Process simulations are an important part of examining water transportation through CNTs. Thomas and McGaughey [5] conducted the examination of dynamics of water directed by pressure in CNTs by varying the dimensions (i.e., diameter and length) of the tube. They also proposed a method to configure the flow of water in CNTs and its dependence on tube diameter. It was noted that a single string chain of water molecules, having high flow velocity with fixed pressure, is accomplished in tube diameters of 0.83 nm.

    CNTs are also very well known for rejecting dissolved ions during water desalination. Instead, there are few effects observed on water flux and design elements to gain the optimal ion rejection at 0.6 nm to 0.8 nm diameter. Therefore, researchers are finding different ways in which CNTs with large diameters can be used for effective ion rejection applications [6]. This addition blocks the entry of charged ions and improves the ion rejection capacity. Various important innovations in wastewater pollutants degradation using CNTs are given in Table 1.

    Table 1: Important developments in the field of wastewater purification using different CNTs .


    Modification technique

    Target contaminants

    Adsorption capacity




    Eriochrome cyanine R

    73.18 mg/g


    Granular CNTs

    Al2O3 was bonded with g-CNTs

    Diclofenac sodium and carbamazepine

    157.4 and 106.5 μmol/g




    Magnetic carbon (MO) & Methylene blue (MB)

    MO: 2-10

    MB: less than 4 and more than 8




    Bisphenol A and 17α-ethinyl estradiol





    Oseltamivir carboxylate (OC) & Oseltamivir (OE)

    OC: 6-8

    OE: alkaline



    Grafted with PAAM

    Humic acid




    one-pot solvothermal method

    Methyl blue

    500 mg/L



    MOF assisted route





    2.2. Graphene/Graphene Oxide-Based Polymeric Membranes

    Several methods, such as ball milling, electrochemical exfoliation, and high shear, have been suggested to synthesize graphene at affordable prices. During the early research into graphene, Brodie continuously treated graphite with potassium chlorite (KClO3) and nitric acid (HNO3) to obtain GO. This method has been regularly refined by adjusting oxidant quantity and time of oxidation, enabling the production of lamellar structures with different sizes. Alternative techniques such as liquid auxiliary electronic stripping [15], potassium ferrate [16], sealed oxidation [17], etc. A few other methods used to prepare GO-based separation membranes include electric field-induced assembly, coating, layer-on-layer self-assembly, filtration, and evaporation. This further undergoes filtration, drying, and other processes, resulting in the formation of a porous membrane layer. The graphene and CNT grains, which were dispersed and reduced, underwent filtration in a vacuum atmosphere within a PVDF UF membrane of 100 mm effective diameter to produce G-CNTs. This method may also be used for preparing GO films, ranging from several nanometers to microns.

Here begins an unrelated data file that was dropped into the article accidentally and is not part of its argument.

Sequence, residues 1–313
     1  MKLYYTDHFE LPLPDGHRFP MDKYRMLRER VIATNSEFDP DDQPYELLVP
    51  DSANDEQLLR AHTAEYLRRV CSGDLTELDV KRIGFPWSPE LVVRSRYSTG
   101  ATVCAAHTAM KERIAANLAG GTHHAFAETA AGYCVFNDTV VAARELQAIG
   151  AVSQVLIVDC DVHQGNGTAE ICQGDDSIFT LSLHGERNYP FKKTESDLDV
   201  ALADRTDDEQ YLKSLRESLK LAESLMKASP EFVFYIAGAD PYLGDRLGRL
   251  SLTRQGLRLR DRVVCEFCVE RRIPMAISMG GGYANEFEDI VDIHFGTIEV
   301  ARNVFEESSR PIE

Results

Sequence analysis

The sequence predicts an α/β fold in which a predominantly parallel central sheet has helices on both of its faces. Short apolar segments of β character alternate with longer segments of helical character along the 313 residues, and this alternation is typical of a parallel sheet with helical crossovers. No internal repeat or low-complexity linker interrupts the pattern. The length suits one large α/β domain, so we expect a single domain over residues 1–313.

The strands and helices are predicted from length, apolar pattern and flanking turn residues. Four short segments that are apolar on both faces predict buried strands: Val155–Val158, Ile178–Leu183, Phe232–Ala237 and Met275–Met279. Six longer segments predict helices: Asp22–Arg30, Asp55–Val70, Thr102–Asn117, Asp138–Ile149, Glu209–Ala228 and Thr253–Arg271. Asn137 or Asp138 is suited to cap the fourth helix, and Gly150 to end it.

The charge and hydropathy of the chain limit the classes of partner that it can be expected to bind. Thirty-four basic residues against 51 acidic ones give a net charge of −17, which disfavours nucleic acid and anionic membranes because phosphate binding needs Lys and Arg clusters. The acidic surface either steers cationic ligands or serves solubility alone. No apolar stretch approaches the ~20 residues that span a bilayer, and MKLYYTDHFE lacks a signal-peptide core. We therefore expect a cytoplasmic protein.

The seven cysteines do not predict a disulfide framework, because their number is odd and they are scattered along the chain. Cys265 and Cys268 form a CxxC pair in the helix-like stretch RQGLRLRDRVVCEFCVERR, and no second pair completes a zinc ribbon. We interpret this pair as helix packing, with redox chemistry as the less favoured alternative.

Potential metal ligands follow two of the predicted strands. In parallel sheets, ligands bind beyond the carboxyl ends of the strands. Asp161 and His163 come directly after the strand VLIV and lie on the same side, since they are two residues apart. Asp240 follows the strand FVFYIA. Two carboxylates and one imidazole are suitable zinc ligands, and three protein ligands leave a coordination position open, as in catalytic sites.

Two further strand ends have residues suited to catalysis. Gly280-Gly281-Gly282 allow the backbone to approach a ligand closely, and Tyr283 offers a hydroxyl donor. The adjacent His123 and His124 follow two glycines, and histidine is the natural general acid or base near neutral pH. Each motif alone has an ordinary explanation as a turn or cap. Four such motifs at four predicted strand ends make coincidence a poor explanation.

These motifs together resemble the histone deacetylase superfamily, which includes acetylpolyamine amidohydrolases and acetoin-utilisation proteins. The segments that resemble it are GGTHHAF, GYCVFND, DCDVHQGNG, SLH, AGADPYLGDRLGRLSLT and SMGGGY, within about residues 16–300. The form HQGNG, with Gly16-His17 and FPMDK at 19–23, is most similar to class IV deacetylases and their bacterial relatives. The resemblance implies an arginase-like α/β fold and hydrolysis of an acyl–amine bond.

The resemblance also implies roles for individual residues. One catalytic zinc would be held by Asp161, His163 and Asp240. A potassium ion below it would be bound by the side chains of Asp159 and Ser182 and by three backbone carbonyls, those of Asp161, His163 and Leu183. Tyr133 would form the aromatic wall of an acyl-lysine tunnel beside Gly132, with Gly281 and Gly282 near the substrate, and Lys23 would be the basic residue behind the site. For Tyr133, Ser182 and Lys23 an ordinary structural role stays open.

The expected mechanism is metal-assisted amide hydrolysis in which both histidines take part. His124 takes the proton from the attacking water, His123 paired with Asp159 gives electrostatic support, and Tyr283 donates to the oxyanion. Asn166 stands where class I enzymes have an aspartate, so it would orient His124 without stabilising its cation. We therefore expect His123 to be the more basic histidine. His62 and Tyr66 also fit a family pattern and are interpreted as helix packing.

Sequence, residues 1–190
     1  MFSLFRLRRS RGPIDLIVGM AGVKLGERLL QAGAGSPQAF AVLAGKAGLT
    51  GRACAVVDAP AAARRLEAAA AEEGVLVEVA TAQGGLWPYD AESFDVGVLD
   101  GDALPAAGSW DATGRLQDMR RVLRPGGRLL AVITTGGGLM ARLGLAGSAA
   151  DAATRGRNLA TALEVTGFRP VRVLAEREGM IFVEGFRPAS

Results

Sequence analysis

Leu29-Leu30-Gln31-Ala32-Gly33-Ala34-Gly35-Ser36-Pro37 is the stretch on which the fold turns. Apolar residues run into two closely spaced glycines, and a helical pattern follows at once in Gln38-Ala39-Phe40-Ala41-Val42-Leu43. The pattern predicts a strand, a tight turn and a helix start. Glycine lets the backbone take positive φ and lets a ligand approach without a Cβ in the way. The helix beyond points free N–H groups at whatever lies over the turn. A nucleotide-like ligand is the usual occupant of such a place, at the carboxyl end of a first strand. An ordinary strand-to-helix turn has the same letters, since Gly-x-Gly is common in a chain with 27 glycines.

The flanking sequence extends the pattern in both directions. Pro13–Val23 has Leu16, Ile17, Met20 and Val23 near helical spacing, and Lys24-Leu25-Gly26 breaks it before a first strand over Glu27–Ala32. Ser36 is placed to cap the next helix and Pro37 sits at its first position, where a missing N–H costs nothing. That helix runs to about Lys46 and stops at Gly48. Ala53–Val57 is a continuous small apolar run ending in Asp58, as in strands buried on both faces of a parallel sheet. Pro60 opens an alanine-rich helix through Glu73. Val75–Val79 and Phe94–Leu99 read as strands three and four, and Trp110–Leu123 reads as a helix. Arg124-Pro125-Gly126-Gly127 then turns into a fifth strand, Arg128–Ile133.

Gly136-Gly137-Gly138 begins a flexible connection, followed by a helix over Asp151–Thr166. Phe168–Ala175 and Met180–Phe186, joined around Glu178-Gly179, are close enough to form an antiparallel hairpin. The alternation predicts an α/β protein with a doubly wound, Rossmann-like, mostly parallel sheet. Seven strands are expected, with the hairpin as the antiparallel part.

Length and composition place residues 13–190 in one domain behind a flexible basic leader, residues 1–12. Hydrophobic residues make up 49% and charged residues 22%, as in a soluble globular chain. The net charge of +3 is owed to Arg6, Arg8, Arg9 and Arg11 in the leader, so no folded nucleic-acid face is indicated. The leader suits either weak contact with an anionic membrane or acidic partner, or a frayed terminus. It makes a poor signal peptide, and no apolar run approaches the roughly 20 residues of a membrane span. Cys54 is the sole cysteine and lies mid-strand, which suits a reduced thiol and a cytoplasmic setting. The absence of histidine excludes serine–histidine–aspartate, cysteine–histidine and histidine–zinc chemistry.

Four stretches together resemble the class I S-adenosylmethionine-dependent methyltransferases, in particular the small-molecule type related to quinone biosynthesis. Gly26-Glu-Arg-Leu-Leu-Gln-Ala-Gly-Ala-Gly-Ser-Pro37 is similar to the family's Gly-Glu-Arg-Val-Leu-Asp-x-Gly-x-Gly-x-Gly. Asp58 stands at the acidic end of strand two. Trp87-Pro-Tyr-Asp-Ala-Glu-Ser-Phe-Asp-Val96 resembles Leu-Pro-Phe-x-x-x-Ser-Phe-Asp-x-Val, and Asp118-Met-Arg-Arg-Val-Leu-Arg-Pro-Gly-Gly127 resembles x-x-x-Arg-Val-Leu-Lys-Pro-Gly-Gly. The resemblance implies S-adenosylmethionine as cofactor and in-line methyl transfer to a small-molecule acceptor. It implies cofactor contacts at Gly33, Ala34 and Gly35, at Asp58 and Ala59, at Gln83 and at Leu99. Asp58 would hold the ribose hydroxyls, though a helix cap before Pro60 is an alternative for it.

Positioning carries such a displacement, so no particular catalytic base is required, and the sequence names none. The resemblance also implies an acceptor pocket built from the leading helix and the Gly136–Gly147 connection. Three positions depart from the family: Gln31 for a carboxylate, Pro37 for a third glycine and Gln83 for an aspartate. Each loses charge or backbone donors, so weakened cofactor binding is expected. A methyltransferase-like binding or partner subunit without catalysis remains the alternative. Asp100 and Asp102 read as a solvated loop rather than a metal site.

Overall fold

Sun et al. [18] prepared a new type of nano-filtration (NF)-membrane composite with PAN-UF membrane and coated it with a thin ethanol gel layer. Further, he prepared the GO film through the evaporation method. It was performed at an interface linking liquid and gas. The thicker the interface is, the easier it becomes to prepare a membrane of large transverse size.

    GO with more carboxyl, hydroxyl, and epoxy clusters follow the layer-by-layer self-assembly route. In one case, the negative charge and carboxyl and the positive charge of the organic matter group was used to generate self-assembly. In another case, the reactivity of appropriate functional groups was employed to achieve self-assembly. For a carboxyl-rich GO surface, the more probability there is of the creation of a negative charge for groups dispersed in water [19].

    Researchers are currently focused on combining the properties of various nanomaterials to produce a single nanocomposite membrane with enhanced performance. Kou and Gao [20] successfully prepared a GO-SiO2nano-hybrid for employment in the applications of super hydrophilic coatings. Gao et al. [21] prepared a TiO2(P 25)–GO nanocomposite and found that the photocatalytic activity under the near violet-blue spectrum represents layer-by-layer self-assembly of GO on the top of TiO2. The adsorption capacities of several other GO-based adsorbents can be further seen in Table 2.

    Table 2: Adsorption capacities of various GO-based adsorbents.

    GO adsorbent

    Targeted contaminant

    Adsorption capacity




    1000 mg/g



    Pb(II), As(V), As(III)

    673, 207, 146 mg/g



    Methyl blue and neutral red

    167.2, 171.3 mg/g




    539.53 mg/g



    Methyl blue




    Congo red and Basic blue

    99% and 96%



    3. Zwitter-Ion Based Polymeric Membranes